Howard Popkin was brought in to teach Daito Ryu.  I didn't know what that was, either.  From what I experienced, it seemed conceptually similar to what Sensei Ledyard was teaching... except he almost never moved his feet.  I think Jacob summed it up best: "If I just saw this on Youtube, I'd think it was bullshit."  Honestly, the stuff looks like the Ukes are acting.  It looks like a dude is standing there, while another dude craps himself for no reason.  But he's not acting... there's a reason behind the self-crapping.  Howie Sensei is able to create awesome Kuzushi and manipulate his Uke with *very* subtle movements.  I wasn't very good at this, but again, he focused on reinforcing a couple of core concepts, and so now Jacob and I have something we can practice until he teaches his next seminar in DC. 

So, this is starting to get long... I'll look to write another post on some of this...


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Book Review: The Art of Learning by Josh Waizkin

Half autobiography, half one badass's take on learning theory, this is a good read for coaches and students.  Three stars (out of four)
Buy it here.

If you've seen or read "Searching for Bobby Fisher," the author is the subject of that film/book.  The short version is that he was a chess phenom.  He played world-class chess from an early age, and then his dad wrote a book about him, which then turned into a movie, which then made him more famous than was helpful for his chess career.  He got to a place where he wasn't loving chess like he once did, and then discovered Tai Chi, which then led to his introduction into push hands.  And after a few years of practicing push hands, he became world champion at that.  World-class chess player, world-champion martial artist.  Thus, badass.  He said that at one point he realized that his gift wasn't that he was good at chess, and it wasn't that he was good at martial arts... he was good at learning, so he decided to write a book about it.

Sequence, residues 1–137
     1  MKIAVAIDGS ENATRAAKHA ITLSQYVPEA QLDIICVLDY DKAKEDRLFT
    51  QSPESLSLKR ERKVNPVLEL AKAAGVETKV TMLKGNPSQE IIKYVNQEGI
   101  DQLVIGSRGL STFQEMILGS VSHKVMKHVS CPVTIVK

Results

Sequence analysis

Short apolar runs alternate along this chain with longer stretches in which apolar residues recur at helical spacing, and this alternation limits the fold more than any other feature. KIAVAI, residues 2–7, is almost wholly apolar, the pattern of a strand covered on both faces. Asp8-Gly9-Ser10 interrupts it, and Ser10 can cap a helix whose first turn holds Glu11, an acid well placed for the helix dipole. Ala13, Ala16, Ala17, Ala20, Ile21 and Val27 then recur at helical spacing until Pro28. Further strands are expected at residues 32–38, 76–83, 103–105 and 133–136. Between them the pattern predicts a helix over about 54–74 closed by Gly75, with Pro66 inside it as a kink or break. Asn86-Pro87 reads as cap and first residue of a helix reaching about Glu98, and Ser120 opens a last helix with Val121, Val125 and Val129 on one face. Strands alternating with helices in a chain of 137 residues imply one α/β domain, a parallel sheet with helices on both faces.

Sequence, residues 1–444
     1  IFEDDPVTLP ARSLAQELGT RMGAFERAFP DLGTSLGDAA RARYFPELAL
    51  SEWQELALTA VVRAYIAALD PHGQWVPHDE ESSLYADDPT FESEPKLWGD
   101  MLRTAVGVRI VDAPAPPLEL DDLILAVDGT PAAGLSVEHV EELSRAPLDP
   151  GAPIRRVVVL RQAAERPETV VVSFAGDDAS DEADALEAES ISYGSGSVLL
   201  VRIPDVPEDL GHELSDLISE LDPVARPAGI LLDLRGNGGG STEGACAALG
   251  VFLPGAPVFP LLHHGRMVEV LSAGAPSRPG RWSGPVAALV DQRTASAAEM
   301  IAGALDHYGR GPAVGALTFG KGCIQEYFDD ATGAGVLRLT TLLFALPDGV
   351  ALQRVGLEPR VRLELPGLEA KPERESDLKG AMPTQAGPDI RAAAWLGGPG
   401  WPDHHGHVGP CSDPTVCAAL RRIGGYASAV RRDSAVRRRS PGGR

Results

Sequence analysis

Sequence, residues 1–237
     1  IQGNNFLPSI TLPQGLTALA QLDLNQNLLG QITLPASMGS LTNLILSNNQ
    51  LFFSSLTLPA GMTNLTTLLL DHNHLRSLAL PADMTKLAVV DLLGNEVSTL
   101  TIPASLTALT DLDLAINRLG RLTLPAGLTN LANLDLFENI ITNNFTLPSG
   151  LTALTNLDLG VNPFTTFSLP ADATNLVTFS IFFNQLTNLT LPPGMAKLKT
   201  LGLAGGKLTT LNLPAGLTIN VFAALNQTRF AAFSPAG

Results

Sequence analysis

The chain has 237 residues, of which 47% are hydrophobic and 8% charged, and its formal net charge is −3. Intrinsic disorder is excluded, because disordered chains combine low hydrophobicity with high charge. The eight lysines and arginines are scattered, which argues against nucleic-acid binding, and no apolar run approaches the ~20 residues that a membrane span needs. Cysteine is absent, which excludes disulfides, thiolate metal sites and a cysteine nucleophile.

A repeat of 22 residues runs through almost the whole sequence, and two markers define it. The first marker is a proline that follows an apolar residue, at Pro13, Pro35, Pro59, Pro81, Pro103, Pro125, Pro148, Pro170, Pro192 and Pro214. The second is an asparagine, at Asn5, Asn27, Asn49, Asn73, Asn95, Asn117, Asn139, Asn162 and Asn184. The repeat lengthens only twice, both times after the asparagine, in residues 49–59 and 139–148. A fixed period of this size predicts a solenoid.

As I stated above, it is half autobiography... he gets a lot into his chess career and development, and into his martial arts career.  These stories serve to build credibility, provide illustration for some of his points, and it's just pretty interesting to learn about his experiences.  The learning theory bit is good stuff.  Nothing revolutionary, but I think that his stories really help illustrate his point.  The basic idea of his theory (condensed to my take) is:

  • Deconstruct the thing you are trying to learn (e.g., if you are trying to learn Judo, you may think of it consisting of skills such as gripping, using footwork to neutralize Kuzushi, disrupting the advancing foot, etc)
  • Focus down on one thing at a time, building from the ground up, and perfect and internalize that thing (e.g., spend time practicing Tsugiashi movement, then practice Tsugiashi while connected to a moving partner... then connected to an attacking partner, finding and fixing gaps and mistakes, until you are unconsciously maintaining a solid, mobile base wherever circumstances lead you)
  • As you internalize more and more of the base skills, time will "slow down" as your conscious mind can focus on less and less, and you can "specialize" the skills which you are seeking to learn
  • During this process, you will need to "invest in loss" - in part, that means not being afraid to lose as you are working on a new skill; in part, it means that you should seek out those who can beat you so that you can find new areas to develop in your game